Judge To Release Wen Ho Lee on Bail

Friday, August 25th 2000, 12:00 am
By: News On 6

ALBUQUERQUE, N.M. (AP) — A federal judge agreed to free a former Los Alamos scientist accused of mishandling nuclear secrets, saying the government's case ``no longer has the requisite clarity and persuasive character necessary'' to keep Wen Ho Lee in jail pending his trial.

U.S. District Judge James Parker's ruling Thursday follows a hearing last week in which Lee's lawyers cast doubt on the solidity of the government's case and on the sensitivity of the nuclear material involved.

Two previous bail requests for Lee since his arrest Dec. 10 had been rejected.

``I conclude that there now is a combination of conditions that will reasonably assure the appearance of Dr. Lee as required and the safety of the community and the nation,'' said Parker.

Lee's daughter, Alberta Lee, 28, sobbed with relief. ``I'm just so happy he's going to be able to go home, eat his own food, sleep in his own bed,'' she said. ``It's the best day in a long time.''

Lee, 60, wasn't immediately released. The judge set a hearing for Tuesday on the conditions of his release after eight months in jail.

Los Alamos scientist Don Marshall and his wife, Jean, were named as Lee's custodians while he is out on bail. The couple are neighbors of Lee.

Marshall said Friday he could not comment on the case. But he added: ``We certainly believe he is not involved in espionage.''

$1 million bond would be secured by properties belonging to Lee, his brother and sister-in-law and the Marshalls.

Under the judge's proposal, the Taiwanese-born scientist would be required to remain at his home under surveillance at most times, and all of his telephone calls and mail could be inspected. He could leave only in the company of at least one of his lawyers.

He would be required to report by telephone twice a day to the federal court, and one of the Marshalls must be present in Lee's home each day when he phones to check in.

Only Lee's wife, Sylvia, could live with him, but his children could come for visits prearranged with authorities. She could leave the home only after notifying authorities of where she was going and why, and law enforcement agents would be allowed to search her both before and after the trip.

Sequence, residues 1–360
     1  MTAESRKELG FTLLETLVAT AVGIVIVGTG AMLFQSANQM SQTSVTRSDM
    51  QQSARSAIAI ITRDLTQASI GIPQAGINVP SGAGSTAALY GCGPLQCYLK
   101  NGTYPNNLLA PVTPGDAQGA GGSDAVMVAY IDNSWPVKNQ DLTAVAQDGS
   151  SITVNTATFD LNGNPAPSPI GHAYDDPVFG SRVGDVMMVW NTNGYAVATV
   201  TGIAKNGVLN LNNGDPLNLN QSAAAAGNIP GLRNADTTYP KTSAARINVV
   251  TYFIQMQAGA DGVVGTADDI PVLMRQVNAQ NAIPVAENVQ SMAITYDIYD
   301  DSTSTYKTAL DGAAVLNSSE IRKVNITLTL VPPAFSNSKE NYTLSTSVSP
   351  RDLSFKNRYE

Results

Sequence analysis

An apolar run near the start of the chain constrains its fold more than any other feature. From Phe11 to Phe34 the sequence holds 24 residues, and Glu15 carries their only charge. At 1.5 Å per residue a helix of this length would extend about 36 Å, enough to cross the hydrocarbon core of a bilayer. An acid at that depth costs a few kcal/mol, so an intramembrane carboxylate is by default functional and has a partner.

The U.S. attorney's office and Justice Department said they were reviewing Parker's order and would respond in court.

Victor Hwang, managing attorney for the Asian Law Caucus, said: ``The conditions, while restrictive, are livable restrictions.'' Parker this week granted friend-of-the-court status to the caucus and the American Civil Liberties Union to file briefs in support of disclosing any evidence that Lee was singled out for prosecution because of ethnic bias.

Lee, who was fired from Los Alamos National Laboratory last year, is charged with 59 counts alleging he transferred restricted data to unsecure computers and tape. Some of the tapes are missing.

Parker heard three days of arguments last week about Lee's release.

Lee's lawyers argued that he was singled out because he is Asian, and they got an FBI agent whose testimony was key to denying the scientist bail to acknowledge that he had given inaccurate testimony against Lee.

Chief prosecutor George Stamboulidis argued that Lee could help someone build a bomb or help a country bolster its nuclear program if he is released from jail.

``The breadth of the potential harm is so great that ... even a reduced risk is too great to take that gamble,'' he said.

However, defense attorney Holscher told Parker there is no evidence Lee ``has the political motivation, the financial motivation or the destructive intent'' to do anything harmful with the material he is accused of downloading.


On the Net:

Supporters of Lee: http://www.wenholee.org

Department of Justice: http://www.usdoj.gov

Los Alamos National Laboratory: http://www.lanl.gov/worldview